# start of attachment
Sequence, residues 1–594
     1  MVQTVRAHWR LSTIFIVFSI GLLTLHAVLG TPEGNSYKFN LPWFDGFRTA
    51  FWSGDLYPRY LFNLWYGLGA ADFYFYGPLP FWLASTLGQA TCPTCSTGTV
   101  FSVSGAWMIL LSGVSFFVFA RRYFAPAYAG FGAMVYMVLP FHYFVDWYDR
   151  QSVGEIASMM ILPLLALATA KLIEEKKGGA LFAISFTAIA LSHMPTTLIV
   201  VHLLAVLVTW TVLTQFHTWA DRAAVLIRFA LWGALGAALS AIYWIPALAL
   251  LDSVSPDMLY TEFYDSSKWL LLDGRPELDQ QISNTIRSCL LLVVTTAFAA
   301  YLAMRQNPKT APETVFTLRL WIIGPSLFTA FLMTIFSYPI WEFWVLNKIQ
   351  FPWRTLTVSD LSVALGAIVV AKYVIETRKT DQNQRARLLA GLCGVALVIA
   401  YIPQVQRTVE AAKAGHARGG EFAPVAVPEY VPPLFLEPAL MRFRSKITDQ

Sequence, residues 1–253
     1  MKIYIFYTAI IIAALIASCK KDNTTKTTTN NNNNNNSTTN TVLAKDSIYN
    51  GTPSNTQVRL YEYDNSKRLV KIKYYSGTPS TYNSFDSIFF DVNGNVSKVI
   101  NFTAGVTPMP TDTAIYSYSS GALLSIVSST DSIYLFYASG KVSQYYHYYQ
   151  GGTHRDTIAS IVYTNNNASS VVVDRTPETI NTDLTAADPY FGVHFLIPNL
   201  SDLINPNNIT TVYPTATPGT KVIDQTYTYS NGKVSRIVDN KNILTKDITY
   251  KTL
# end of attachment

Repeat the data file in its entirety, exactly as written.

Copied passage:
Sequence, residues 1–594
     1  MVQTVRAHWR LSTIFIVFSI GLLTLHAVLG TPEGNSYKFN LPWFDGFRTA
    51  FWSGDLYPRY LFNLWYGLGA ADFYFYGPLP FWLASTLGQA TCPTCSTGTV
   101  FSVSGAWMIL LSGVSFFVFA RRYFAPAYAG FGAMVYMVLP FHYFVDWYDR
   151  QSVGEIASMM ILPLLALATA KLIEEKKGGA LFAISFTAIA LSHMPTTLIV
   201  VHLLAVLVTW TVLTQFHTWA DRAAVLIRFA LWGALGAALS AIYWIPALAL
   251  LDSVSPDMLY TEFYDSSKWL LLDGRPELDQ QISNTIRSCL LLVVTTAFAA
   301  YLAMRQNPKT APETVFTLRL WIIGPSLFTA FLMTIFSYPI WEFWVLNKIQ
   351  FPWRTLTVSD LSVALGAIVV AKYVIETRKT DQNQRARLLA GLCGVALVIA
   401  YIPQVQRTVE AAKAGHARGG EFAPVAVPEY VPPLFLEPAL MRFRSKITDQ

Sequence, residues 1–253
     1  MKIYIFYTAI IIAALIASCK KDNTTKTTTN NNNNNNSTTN TVLAKDSIYN
    51  GTPSNTQVRL YEYDNSKRLV KIKYYSGTPS TYNSFDSIFF DVNGNVSKVI
   101  NFTAGVTPMP TDTAIYSYSS GALLSIVSST DSIYLFYASG KVSQYYHYYQ
   151  GGTHRDTIAS IVYTNNNASS VVVDRTPETI NTDLTAADPY FGVHFLIPNL
   201  SDLINPNNIT TVYPTATPGT KVIDQTYTYS NGKVSRIVDN KNILTKDITY
   251  KTL